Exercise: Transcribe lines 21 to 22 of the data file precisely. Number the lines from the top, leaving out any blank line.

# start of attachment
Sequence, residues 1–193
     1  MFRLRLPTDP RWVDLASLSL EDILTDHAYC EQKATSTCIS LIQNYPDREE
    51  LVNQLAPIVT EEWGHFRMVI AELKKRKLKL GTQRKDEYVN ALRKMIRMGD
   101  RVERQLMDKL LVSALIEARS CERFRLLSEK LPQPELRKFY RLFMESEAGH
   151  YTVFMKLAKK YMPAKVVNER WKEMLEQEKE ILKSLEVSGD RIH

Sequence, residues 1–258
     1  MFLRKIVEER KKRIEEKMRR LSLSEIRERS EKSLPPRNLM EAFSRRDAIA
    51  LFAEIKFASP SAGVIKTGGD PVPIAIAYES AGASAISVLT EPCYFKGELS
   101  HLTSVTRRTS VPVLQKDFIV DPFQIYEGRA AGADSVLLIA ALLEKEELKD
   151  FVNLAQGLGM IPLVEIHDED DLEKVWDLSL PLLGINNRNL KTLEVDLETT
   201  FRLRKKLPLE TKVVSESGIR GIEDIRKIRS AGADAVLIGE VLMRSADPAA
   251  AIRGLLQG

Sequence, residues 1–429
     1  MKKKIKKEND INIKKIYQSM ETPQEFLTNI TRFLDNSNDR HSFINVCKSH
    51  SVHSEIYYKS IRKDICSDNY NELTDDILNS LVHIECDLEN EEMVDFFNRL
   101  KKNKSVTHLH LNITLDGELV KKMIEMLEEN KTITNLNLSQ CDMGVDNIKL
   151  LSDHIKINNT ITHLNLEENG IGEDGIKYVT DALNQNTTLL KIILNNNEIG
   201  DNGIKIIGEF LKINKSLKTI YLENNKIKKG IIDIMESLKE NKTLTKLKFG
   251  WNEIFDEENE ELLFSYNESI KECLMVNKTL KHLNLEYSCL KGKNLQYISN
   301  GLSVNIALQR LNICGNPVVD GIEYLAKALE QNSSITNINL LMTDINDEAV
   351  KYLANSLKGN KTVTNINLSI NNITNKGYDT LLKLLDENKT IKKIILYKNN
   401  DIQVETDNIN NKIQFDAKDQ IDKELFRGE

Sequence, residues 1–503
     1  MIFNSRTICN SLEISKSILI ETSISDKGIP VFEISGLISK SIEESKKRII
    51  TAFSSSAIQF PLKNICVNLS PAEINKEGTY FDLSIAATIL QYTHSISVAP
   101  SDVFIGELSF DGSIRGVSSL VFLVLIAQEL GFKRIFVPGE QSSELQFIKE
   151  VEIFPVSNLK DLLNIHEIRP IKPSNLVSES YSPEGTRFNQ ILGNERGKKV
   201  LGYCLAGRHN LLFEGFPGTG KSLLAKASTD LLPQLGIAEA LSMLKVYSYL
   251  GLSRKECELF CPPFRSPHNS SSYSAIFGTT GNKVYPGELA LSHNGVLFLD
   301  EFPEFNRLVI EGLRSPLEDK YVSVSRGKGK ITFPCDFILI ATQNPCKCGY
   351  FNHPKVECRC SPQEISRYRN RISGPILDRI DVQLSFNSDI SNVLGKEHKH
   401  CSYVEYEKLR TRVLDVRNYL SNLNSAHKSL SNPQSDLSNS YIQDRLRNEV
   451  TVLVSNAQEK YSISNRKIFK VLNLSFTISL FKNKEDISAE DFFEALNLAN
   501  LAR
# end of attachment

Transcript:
   351  KYLANSLKGN KTVTNINLSI NNITNKGYDT LLKLLDENKT IKKIILYKNN
   401  DIQVETDNIN NKIQFDAKDQ IDKELFRGE